Sense of Beauty
It all started in Jamaica with a pearl-clustered beret clipped smack and center at the top of my head, evidencing the only hair I had as an infant. It then proceeded into braids tied with ribbons on the end when I could walk. To cute side ponytails and multiple daily hairstyles between 4 and 6 with pictures that documented each new style. By the time I moved to the US, my aunt was weaving plastic pearlized hearts through my hair or applying handmade rosettes. Whatever fit her fancy. Then there were the presses on special occasions, that hurt spectacularly but which were “beautiful” for the four hours they lasted.
The love and care that my mother and aunt put into my hair was was a healthy ritual. They were always so happy when they came up with a new style, or even simply just with combing my hair. Their joy brings me only positive memories when it comes to the beauty of my hair. I remember, and I have shared this before, one of my favorite memories of my mother was when I would sit between her legs and she would comb my hair. This quiet time and mother daughter intimacy is incomparable and irreplaceable. I remember how warm she felt, how safe I felt, how beautiful she smelled, the calming vibrations of her voice, and especially her sweet laughter. Additionally, even though both my mother and aunt relaxed their hair, my mother did not allow me to get a relaxer until I was a teenager. She believed that relaxers were for adults and young girls should wear their hair natural. So, most of the time we spent styling my hair was less about transforming the the true nature of my hair and more about making my hair the prettiest and most healthy in its true form. As a child and teenager, this was a huge – no, massive – sore spot for me, but in hindsight, my mother’s reluctance to permanently straighten my hair was an indirect lesson in individuality (all of my family and friends had a relaxer at a certain point – even an uncle), and self love.
Loss of Innocence
Around 14 years old, when I entered adolescence, my relationship with my mother and hair fell apart, and it was of course all my fault. My mother, who has always been selfless, tried her best to manage the nightmare that I had become. She worked around the clock to pay for the new house she had purchased us, to save for my college tuition and to provide all other reasonable comforts. I showed my appreciation with unrivalled and pathetic bitchiness. It was like when the puberty hormones hit, I became that moody, manic teenager that many of us can remember being with stinging and shameful embarrassment.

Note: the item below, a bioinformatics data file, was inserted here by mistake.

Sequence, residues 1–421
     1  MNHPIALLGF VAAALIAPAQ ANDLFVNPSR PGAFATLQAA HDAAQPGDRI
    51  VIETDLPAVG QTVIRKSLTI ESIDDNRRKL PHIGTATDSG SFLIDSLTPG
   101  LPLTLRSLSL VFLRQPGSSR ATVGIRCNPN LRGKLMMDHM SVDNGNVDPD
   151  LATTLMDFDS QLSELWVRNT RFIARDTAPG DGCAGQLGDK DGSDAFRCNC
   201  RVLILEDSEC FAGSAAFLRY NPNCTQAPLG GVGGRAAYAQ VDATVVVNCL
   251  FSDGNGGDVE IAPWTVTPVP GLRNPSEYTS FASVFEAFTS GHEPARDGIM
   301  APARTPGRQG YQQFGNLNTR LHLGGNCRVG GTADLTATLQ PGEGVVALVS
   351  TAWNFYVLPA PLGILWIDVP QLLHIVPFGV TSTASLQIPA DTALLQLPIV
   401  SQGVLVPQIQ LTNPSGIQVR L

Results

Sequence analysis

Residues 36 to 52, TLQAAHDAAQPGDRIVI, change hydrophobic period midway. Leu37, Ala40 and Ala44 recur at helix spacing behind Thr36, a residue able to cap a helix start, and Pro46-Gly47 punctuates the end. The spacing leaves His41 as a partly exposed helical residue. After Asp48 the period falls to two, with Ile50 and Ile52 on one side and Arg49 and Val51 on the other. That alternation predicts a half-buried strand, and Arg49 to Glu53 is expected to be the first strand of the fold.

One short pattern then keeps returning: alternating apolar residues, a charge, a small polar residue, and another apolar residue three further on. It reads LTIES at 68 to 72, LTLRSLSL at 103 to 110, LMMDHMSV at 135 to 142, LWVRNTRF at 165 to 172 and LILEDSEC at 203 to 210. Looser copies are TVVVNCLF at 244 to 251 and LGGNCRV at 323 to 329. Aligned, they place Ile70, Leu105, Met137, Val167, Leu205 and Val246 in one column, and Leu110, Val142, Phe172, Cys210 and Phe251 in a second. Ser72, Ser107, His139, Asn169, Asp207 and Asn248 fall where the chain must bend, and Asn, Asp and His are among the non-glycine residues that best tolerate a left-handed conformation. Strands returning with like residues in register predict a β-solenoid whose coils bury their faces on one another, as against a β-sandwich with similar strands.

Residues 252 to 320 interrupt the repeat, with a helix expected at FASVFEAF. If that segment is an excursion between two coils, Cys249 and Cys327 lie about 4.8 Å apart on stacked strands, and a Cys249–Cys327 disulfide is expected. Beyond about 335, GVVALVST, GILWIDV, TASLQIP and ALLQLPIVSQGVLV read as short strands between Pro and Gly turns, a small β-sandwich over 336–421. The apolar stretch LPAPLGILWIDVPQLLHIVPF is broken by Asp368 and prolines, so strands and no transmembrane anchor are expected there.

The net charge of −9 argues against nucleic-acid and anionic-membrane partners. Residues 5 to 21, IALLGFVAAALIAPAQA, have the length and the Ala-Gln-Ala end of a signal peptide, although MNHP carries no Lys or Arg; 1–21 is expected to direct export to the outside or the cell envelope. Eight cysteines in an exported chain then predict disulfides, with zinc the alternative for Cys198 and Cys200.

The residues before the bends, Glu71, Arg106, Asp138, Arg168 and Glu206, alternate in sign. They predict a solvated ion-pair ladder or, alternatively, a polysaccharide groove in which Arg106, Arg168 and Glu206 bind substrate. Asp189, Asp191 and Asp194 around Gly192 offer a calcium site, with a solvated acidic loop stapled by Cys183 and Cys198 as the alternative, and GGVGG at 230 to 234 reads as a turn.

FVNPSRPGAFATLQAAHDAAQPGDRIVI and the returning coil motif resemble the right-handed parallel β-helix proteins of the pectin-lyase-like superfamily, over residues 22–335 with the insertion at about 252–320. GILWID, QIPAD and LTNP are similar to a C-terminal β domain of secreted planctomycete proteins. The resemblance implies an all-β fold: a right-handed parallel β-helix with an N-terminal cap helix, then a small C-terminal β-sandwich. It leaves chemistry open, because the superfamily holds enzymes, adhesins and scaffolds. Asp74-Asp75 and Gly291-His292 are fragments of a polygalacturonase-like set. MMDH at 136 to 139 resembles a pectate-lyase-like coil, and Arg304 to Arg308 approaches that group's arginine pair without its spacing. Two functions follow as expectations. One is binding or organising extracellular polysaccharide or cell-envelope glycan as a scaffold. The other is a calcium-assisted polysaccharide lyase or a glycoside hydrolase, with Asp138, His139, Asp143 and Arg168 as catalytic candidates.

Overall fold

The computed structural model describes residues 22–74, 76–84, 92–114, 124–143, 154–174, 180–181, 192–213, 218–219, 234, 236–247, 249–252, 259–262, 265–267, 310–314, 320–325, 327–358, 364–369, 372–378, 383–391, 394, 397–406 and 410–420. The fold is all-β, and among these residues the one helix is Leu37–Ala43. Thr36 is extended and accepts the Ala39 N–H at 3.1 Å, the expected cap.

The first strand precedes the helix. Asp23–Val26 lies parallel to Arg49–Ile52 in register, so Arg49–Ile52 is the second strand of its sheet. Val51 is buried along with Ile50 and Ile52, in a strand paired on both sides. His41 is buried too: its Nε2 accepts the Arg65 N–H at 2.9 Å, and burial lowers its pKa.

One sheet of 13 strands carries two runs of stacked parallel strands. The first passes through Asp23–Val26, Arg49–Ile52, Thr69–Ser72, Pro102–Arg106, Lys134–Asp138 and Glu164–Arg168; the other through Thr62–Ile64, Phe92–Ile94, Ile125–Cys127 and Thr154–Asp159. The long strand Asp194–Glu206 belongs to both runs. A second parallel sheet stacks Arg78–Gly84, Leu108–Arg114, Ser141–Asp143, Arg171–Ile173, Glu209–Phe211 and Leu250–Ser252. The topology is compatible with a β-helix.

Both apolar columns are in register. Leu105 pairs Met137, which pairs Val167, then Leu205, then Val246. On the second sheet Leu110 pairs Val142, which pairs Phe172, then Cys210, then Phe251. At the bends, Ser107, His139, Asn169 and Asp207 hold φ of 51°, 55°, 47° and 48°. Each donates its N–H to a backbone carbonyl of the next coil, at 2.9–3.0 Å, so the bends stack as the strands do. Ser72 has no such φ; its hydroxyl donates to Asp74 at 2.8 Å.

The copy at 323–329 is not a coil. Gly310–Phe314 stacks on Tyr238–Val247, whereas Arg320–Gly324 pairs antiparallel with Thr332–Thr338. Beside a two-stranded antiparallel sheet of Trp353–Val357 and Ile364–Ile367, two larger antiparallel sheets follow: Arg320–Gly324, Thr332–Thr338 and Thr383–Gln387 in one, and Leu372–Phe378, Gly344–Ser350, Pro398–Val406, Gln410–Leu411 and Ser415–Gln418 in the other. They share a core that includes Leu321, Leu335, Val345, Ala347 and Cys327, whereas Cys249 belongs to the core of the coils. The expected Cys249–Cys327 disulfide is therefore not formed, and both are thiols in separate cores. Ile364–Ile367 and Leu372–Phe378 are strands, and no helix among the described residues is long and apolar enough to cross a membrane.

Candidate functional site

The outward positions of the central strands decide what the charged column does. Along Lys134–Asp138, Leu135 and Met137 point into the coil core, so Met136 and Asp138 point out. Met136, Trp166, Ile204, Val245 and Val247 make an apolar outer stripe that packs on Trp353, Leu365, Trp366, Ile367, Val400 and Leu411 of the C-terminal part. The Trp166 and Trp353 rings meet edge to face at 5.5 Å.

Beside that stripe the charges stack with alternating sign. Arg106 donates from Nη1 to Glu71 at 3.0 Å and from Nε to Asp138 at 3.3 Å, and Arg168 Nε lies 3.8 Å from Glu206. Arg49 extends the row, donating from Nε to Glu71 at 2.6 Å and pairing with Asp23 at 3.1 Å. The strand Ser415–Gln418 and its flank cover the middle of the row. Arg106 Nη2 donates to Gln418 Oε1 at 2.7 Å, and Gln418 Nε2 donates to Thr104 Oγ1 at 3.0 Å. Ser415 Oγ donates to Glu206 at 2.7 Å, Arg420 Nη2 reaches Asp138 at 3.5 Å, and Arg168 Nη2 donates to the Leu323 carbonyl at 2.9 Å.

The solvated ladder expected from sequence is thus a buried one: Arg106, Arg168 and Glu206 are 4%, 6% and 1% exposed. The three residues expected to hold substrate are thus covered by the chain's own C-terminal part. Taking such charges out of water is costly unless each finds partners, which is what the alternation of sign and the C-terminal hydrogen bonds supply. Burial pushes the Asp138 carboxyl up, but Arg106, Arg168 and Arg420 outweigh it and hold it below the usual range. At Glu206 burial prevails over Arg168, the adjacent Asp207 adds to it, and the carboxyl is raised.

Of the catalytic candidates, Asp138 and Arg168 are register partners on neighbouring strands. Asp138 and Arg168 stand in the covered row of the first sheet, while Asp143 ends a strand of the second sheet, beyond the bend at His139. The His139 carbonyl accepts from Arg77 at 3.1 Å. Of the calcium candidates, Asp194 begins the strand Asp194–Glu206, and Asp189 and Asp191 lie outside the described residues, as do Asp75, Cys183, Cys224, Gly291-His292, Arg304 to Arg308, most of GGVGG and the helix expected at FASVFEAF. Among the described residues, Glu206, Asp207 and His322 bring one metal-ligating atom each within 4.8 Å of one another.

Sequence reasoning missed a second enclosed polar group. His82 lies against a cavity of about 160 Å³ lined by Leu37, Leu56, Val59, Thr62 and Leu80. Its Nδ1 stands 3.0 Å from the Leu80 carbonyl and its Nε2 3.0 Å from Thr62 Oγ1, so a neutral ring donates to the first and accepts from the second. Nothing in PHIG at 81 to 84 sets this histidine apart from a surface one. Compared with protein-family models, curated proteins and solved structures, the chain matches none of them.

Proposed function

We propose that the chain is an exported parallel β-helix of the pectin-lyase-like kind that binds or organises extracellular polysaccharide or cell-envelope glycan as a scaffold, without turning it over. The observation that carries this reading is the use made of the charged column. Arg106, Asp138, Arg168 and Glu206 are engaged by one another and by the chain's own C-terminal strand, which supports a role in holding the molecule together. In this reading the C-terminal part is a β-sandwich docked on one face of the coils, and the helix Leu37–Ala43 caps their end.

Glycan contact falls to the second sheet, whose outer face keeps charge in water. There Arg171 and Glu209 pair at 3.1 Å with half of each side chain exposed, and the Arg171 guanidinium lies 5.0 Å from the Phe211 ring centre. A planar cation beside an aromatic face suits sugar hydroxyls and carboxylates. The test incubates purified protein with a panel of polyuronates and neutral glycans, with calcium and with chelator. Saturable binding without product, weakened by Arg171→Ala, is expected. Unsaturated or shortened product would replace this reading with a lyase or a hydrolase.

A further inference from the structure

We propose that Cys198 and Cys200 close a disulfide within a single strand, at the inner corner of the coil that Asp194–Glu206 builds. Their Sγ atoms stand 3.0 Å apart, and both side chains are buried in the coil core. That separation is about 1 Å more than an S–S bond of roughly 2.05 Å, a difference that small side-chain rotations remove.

The healthy relationship that I shared my mother unravelled at that point, and as a consequence, so did our routine surrounding my hair. Sleepovers, parties or constant hanging out at friends homes, anger at something that my mom would not let me do, irrational blow-ups and ridiculous tantrums, plain old meanness on my part, made something as simple as a weekly appointment to wash my hair impossible. And the right of passage when she would have taught me how to manage on my own never happened because of my obstinance. I don’t know if she wanted to avoid me entirely, but if she did, I wouldn’t blame her. I wanted my own space; to talk on the phone, to blast music in my room, to obsess about celebrities and fashion. I had a part time job, a boyfriend, and other activities that reduced our already limited time together. There was no more time to wash my hair, no more time for the all around grooming that went beyond my hair and encapsulated other aspects of life.
As would be expected, my hair suffered greatly from this interruption in our relationship. I remember starting high school with a healthy, thick ponytail and a big fluffy bang, to experiencing breakage for the first time, resulting in hair that resembled a well-worn straw welcome matt at best. My head of shiny kinky curls reduced to a broken, tangled, matted mess, a state that basically represented how I treated my mother. A web of emotions that I couldn’t control, a deep crack in the respect expected for a parent whose selflessness exists unconditionally, and the whole experience, a maze, extremely difficult to navigate.
I remember being so frustrated at the time. Trying to work with what my hair had become. At one time it was in such bad condition. But as many of you can relate, it’s such a strange and heavy period of our lives, and little makes sense. We often feel so helpless and often are just as helpless in our actions. I probably went to school with what looked like a abandoned bird’s nest on my head for weeks between the times that I was calm, pleasant and present enough for my mother to get her hands on my head. And all along, despite the hurt and bewilderment that I expect she felt, she was strong, and patient. And when I finally emerged from that horrible phase, she was there to support the next stops on my hair journey.
Discovering my personal style under the influence of pop culture and my peers